Monday, 21 April 2008

Double Indemnity

I’ve watched Double Indemnity again, for the first time in perhaps twenty years, and had the chance to appreciate once more the economy and strength of one of the finest of all crime movies.

It benefits from superb ingredients. The source material is a short novel by James M. Cain, at his sinewy best. The director is the great Billy Wilder, the script came from Wilder and Raymond Chandler – a dazzling combination if ever there was one. Barbara Stanwyck was never better than here, as the vampish Phyllis Dietrichson, who seduces the smart but weak Walter Neff, played by the likeable Fred MacMurray, and leads him along the path to the gas chamber. And scene after scene is stolen by Edward G. Robinson as the obsessive claims investigator, Barton Keyes.

But even a feast comprising the finest ingredients can turn into a disaster if something goes wrong in the kitchen. Wilder’s sure touch, though, was integral to the success of a film that garnered six Academy Award nominations. Even though I knew the story very well, even though we know from the outset – thanks to the clever use of a flashback narrative – that Walter is doomed, it is still impossible not to be hooked from the opening scenes.

Wilder makes us care about the characters. Phyllis may be the ultimate femme fatale, but Walter Neff is a regular guy, betrayed by his lust for a beautiful woman. And the final scene, when Keyes cradles his injured friend and helps him to a last cigarette before the police and the ambulance arrive, has a genuine tenderness rare in a film of this kind. Murder movie making seldom got better than this. If by any chance you haven’t seen it, you have a real treat in store.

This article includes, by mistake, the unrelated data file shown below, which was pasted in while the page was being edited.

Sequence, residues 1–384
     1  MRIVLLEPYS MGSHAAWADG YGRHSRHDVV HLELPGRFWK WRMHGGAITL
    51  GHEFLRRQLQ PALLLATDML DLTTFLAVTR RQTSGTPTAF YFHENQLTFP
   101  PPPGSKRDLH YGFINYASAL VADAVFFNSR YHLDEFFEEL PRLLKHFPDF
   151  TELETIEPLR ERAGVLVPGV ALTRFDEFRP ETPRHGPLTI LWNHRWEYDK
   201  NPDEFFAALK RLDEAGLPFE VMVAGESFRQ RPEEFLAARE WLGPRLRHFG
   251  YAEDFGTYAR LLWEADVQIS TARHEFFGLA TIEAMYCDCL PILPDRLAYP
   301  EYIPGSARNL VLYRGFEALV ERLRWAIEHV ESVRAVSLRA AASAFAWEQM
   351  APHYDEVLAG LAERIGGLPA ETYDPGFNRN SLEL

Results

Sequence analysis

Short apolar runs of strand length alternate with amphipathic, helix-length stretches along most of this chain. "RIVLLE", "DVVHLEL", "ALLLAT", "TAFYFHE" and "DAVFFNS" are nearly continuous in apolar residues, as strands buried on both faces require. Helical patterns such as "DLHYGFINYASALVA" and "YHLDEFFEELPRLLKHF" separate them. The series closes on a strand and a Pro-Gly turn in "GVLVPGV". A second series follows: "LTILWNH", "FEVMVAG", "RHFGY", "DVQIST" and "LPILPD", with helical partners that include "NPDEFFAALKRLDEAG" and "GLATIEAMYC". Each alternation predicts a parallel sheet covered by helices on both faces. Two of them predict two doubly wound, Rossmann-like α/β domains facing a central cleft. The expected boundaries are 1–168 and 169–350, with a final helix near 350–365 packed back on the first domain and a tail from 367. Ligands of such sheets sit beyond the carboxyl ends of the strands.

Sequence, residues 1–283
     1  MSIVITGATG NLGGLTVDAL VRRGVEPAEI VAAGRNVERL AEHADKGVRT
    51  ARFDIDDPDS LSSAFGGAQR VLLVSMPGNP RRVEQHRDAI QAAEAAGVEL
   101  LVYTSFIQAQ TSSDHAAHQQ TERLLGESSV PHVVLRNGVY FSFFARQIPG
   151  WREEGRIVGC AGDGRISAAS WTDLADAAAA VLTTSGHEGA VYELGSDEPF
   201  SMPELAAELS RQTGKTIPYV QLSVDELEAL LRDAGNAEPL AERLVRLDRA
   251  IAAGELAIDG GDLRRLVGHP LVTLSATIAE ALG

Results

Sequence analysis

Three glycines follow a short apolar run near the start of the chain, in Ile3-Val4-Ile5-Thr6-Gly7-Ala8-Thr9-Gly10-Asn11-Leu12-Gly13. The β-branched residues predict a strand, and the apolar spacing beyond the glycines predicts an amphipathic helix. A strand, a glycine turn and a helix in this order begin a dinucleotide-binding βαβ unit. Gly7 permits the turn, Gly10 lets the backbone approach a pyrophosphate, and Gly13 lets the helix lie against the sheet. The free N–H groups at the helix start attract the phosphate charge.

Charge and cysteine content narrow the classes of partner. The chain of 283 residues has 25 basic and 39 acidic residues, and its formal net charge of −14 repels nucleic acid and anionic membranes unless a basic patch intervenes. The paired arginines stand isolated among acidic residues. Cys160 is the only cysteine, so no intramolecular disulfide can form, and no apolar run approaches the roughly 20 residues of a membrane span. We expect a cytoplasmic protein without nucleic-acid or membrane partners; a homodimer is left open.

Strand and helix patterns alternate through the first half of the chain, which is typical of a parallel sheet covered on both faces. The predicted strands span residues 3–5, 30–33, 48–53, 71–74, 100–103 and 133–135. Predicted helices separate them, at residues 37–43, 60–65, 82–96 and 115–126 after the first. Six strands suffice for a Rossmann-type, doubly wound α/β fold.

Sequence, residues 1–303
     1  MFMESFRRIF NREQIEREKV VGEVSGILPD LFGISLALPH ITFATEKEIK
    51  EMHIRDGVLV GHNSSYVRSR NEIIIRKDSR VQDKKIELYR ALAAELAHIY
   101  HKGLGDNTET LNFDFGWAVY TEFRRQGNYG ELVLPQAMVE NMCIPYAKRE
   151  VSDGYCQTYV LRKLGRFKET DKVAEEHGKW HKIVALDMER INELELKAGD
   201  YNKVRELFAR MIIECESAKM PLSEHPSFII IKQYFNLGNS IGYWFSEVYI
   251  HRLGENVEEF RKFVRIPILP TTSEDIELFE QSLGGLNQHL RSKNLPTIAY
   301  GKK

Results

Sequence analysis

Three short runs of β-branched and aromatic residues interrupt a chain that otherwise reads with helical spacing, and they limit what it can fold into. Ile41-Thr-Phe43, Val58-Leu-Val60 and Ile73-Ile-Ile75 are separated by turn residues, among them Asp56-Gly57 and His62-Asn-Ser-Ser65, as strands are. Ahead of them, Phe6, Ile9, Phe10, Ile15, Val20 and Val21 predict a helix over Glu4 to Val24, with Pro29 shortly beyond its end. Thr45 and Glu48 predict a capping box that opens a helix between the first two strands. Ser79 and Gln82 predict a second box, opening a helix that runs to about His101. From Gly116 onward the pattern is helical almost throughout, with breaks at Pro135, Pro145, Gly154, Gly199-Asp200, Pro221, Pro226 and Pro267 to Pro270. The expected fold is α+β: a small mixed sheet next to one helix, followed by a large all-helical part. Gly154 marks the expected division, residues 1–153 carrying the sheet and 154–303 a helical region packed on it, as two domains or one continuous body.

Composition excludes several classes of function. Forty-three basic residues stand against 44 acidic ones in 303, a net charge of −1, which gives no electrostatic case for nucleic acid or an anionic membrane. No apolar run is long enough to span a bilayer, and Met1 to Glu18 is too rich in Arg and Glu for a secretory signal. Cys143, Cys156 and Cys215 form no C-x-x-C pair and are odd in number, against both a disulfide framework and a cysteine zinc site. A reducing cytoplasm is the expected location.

Sarah Hilary said...

Hello Martin! I hope it's okay popping in like this, but I wanted to let you know that I've linked to your blog from mine, mainly because I'm so impressed by your editing of M.O. Crimes of Practice, and I.D. the previous CWA Anthology which I reviewed recently. Now I find out you live in Lymm, not far at all from my home town of Wilmslow. It's a small world!

Martin Edwards said...

Hi Sarah. Good to hear from you. Glad you like M.O., about which more in a future post. Meanwhile, hope to see you at the launch.

Sarah Hilary said...

Thanks, Martin. I don't think I'll manage to make the Manchester launch as I now live much further afield, but I'm hopeful of attending the London launch that Ra mentioned in his note.